The Federal Communications Commission (FCC) was sued by two health advocacy organizations over the agency’s “capricious, arbitrary and not evidence-based” refusal to acknowledge that wireless technology devices and infrastructure, such as cell towers and smartphones, can have serious health effects.
(Article by Arsenio Toledo republished from NaturalNews.com)
On Monday, Jan. 25, attorneys for the Children’s Health Defense (CHD) and the Environmental Health Trust (EHT) presented oral arguments before the Court of Appeals for the District of Columbia Circuit challenging the support of the FCC for keeping radiofrequency levels the same.
The CHD’s and EHT’s oral arguments against the FCC also attacked the agency’s support for the telecommunications industry’s long-term effort to impose 5G wireless technology on American consumers.
The CHD and the EHT’s documents were supported by documents provided by numerous other groups. Some of the documents came from medical associations like the California Medical Association and the American Academy of Pediatrics. Some other documents came from the federal government itself, such as the Department of the Interior, the Navy, the Military, the Environmental Protection Agency and the National Toxicology Program.
All in all, the CHD and the EHT’s lawsuit submitted 440 documents consisting of over 11,000 pages of evidence.
The petitioners argued that the FCC ignored the extensive evidence submitted to it showing that “nonthermal levels of pulsed and modulated radiofrequency radiation emitted by wireless technology are harmful to humans, wildlife and the environment.”
The lawsuit argued that the FCC violated the Administrative Procedure Act because its conduct during the inquiry “failed to provide a record of a reasoned decision making” and its decision to ignore all evidence presented against it was “capricious, arbitrary and not evidence-based.” The petitioners also believe that the FCC violated the National Environmental Policy Act because it failed to consider the environmental impacts of its decision.
FCC sees no evidence that wireless technology can cause any harm
The FCC opened an inquiry in 2013 regarding the potentially disastrous health effects caused by radiation emitted from wireless technology, such as from cell towers and from Wi-Fi routers. The agency opened this inquiry to potentially reassess its “radiofrequency exposure limits and policies” after the House of Representatives’ Government Accountability Office recommended an investigation.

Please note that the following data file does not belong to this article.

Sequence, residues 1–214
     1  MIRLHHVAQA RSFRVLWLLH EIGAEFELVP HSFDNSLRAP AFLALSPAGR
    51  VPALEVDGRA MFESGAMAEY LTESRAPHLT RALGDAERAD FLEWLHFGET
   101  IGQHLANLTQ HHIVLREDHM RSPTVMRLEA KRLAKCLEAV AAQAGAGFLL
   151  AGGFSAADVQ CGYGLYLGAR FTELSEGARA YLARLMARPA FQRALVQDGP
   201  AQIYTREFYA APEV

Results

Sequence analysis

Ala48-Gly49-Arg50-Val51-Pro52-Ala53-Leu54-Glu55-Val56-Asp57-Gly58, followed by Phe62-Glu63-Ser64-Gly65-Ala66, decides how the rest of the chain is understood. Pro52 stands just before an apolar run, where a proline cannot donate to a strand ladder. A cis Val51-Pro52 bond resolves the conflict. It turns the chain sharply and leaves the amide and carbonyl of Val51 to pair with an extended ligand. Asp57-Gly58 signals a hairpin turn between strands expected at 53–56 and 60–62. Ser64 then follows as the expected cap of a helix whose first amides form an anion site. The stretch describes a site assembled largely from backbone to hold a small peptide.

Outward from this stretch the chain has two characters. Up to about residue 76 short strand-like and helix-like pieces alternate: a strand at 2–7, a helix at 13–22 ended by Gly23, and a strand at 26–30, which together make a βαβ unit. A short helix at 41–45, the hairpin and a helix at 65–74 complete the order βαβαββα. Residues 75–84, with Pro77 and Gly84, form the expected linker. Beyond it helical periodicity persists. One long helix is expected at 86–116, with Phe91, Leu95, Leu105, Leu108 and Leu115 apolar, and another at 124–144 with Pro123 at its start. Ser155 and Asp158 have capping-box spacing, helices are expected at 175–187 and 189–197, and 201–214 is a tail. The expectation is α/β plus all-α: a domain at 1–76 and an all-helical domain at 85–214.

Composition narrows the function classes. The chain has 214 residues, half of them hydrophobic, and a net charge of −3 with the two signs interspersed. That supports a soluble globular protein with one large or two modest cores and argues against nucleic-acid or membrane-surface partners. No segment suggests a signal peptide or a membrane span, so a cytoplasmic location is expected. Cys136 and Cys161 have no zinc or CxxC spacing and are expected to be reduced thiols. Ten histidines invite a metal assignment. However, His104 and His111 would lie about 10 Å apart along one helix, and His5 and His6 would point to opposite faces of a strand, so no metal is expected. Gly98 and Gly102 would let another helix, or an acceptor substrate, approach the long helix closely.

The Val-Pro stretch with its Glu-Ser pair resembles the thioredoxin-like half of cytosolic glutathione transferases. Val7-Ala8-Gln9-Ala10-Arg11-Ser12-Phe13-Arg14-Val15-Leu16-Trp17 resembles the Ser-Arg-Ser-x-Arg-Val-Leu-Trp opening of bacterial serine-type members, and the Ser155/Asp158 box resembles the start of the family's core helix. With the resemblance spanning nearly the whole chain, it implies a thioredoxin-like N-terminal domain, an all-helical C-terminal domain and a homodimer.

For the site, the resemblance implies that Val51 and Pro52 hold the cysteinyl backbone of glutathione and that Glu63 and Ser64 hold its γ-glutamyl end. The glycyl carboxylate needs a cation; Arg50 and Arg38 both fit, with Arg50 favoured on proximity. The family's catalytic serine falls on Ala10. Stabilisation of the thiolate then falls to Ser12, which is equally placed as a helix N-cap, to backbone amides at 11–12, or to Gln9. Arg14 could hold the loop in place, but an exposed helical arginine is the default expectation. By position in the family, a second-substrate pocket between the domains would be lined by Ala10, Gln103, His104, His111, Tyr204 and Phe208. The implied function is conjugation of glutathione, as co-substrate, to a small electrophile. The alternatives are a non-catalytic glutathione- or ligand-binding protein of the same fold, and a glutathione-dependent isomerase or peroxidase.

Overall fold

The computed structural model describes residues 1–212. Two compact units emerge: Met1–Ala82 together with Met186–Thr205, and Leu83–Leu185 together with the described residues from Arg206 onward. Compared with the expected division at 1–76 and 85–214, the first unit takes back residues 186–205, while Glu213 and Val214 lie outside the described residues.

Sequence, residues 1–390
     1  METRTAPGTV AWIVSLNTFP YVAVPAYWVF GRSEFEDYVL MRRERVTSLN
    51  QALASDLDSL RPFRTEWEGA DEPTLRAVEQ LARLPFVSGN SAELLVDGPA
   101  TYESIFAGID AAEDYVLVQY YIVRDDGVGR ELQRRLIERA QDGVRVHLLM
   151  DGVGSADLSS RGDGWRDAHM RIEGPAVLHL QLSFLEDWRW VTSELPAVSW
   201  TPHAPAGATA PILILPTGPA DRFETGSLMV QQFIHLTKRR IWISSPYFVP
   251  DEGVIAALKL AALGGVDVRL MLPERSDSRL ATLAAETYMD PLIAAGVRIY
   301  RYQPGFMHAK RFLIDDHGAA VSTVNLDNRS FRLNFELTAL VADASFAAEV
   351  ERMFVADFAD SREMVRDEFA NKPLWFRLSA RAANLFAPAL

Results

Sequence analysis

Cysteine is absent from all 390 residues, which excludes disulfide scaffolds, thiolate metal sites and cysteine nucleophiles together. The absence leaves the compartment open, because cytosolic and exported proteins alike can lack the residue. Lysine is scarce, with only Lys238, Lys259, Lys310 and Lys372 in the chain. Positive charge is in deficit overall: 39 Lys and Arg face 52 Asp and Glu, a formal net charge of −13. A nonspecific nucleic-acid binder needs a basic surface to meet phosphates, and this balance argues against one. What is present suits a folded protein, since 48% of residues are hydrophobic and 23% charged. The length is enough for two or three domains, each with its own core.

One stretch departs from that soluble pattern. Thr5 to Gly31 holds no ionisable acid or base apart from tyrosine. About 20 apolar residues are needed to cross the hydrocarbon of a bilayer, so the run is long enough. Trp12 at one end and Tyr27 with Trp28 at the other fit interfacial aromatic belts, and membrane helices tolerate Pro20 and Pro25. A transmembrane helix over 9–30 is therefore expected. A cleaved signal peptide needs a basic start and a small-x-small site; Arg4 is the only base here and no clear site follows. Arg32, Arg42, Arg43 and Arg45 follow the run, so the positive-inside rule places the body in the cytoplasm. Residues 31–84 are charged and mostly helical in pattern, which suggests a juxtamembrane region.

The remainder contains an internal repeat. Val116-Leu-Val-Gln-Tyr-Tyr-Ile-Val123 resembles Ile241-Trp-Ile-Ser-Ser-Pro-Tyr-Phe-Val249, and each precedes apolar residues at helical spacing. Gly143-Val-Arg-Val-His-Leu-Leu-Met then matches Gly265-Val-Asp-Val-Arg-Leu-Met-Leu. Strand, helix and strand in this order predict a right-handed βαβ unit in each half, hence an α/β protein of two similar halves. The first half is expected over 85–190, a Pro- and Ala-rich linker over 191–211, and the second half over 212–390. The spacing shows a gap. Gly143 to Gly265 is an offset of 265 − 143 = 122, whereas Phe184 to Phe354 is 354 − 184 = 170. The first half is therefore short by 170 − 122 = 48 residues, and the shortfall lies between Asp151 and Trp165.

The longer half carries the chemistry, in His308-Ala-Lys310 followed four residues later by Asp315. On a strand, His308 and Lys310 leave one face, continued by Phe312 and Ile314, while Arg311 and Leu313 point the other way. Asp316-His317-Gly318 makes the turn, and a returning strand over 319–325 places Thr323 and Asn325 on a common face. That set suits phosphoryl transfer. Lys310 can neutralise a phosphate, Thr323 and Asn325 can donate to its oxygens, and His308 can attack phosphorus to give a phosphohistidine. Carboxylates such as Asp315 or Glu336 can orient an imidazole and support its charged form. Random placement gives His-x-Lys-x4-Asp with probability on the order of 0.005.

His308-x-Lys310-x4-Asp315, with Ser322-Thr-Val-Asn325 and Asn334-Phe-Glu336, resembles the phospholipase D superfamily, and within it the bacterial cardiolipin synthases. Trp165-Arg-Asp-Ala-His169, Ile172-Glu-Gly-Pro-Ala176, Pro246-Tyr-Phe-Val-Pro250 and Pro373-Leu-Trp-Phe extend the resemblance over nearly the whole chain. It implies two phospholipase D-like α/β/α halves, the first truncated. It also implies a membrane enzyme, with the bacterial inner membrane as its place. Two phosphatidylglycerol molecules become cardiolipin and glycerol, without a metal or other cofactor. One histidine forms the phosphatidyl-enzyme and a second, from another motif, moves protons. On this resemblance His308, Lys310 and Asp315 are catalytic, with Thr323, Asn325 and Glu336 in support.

The FCC received over 1,700 filings detailing the tremendous amount of scientific and human evidence of physical harm. These documents include peer-reviewed studies showing how radiofrequency radiation contributed to a variety of health effects including carcinogenicity, infertility, cognitive defects, cardiovascular problems, DNA damage and many other conditions.
Multiple scientific and medical organizations and hundreds of other individuals sent pleas for the FCC to reconsider its limits on acceptable radiation levels. Some of those who submitted filings included parents whose children were supposedly harmed by wireless technology.
The FCC dismissed all the evidence and closed the inquiry in December 2019, arguing that there was no evidence that wireless technology caused any harm and there was no need to review any of its guidelines regarding radiofrequency exposure limits.
“The vast majority of filings were unscientific, and even the filings that sought to present scientific evidence failed to make a persuasive case for revising our existing radiofrequency limits,” declared the FCC in a resolution following the shutdown of its own inquiry.
The FCC also sought the support of the Food and Drugs Administration, stating that its “sister health and safety agencies” did not find any of the evidence “moving” and therefore found no reason “to issue substantive policy recommendations for strengthening radiofrequency exposure regulation.”
Learn more about the health risks associated with wireless technology such as 5G by reading the articles at Radiation.news.
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